In our walks with Christ our devotion to Him often ebbs and flows. Sometimes it’s like the nice stroll along the beach at sunset with gentle waves rolling in. Other times it’s like walking through quicksand in a hurricane. The Cambridge Dictionary defines devotion as “loyalty and love or care for someone or something.” For those truly redeemed by Christ, it would be difficult, perhaps impossible, not to have some level of devotion to Him. This love for God manifests itself in many ways including prayer, Bible study, a thirst for knowledge about Him, service to His Kingdom, and worship. If we have a vibrant prayer and Bible study life, discipline is more of a backseat driver. When those ways stop feeling exciting and we struggle to show devotion, that’s where discipline needs to step into the driver’s seat. This article is no “thou shalt”; it is primarily an “I should”. Perhaps you can empathize with my frustration with myself as I agree with the Apostle Paul’s words: “For I do not understand my own actions. For I do not do what I want, but I do the very thing I hate” (Romans 7:15).
Is Discipline Biblical?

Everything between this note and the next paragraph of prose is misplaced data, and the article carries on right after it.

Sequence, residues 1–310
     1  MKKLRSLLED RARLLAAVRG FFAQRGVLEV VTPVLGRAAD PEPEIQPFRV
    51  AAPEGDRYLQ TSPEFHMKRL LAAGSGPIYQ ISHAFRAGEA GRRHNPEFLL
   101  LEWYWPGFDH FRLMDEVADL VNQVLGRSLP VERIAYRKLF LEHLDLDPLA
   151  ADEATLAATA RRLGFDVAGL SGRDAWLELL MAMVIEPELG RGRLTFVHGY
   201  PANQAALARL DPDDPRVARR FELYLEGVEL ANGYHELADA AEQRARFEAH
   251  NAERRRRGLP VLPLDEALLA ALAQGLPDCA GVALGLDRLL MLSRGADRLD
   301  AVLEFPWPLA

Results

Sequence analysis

It can be too easy to link discipline to legalism. If under the banner of discipline we mandate our prayer will be in the morning covering adoration, confession and petition without room to adjust, we are likely going to fall into legalism. It’s fair to set up a guideline, but we need to be sensitive and ready to react to the Spirit’s leading. Perhaps that routine is great most of the time, but sometimes we need to bypass the tidy setup at the table with our hot coffee, highlighters, and journal to fall on our face and go straight to confession. Maybe the Spirit puts someone on our hearts, and we go straight to petition until the point of sobbing. Structure and routines are not inherently evil or legalistic. We see Daniel’s routine described: “He got down on his knees three times a day and prayed and gave thanks before his God, as he had done previously” (Daniel 6:10b). The big difference is where our heart is. If the focus is on accomplishing some objective, we are probably in legalistic territory.
So we know not to fall into legalism, but discipline, at least on the surface, sounds more like legalism than something to strive for. For me this goes back to the heart and strikes at some of the major areas I am personally working through right now. This goes back to the Romans 7:15 passage in that my heart desperately longs for that abiding relationship with God, but too often my actions do not match. Take for example dieting. You desperately want to get healthier by eating better, which is a good goal. Is it wrong or an indication of an eating disorder if by week two the desire is gone, but you persevere through some emotional strife to stay on track? Barring fringe examples, this is probably the only way to achieve your health goals. The same could be said for exercise; it usually takes a lot of work to achieve the most worthy things. So my heart desires God, but my flesh puts up barriers. Discipline, driven by what I know is right, is the bulldozer against those barriers.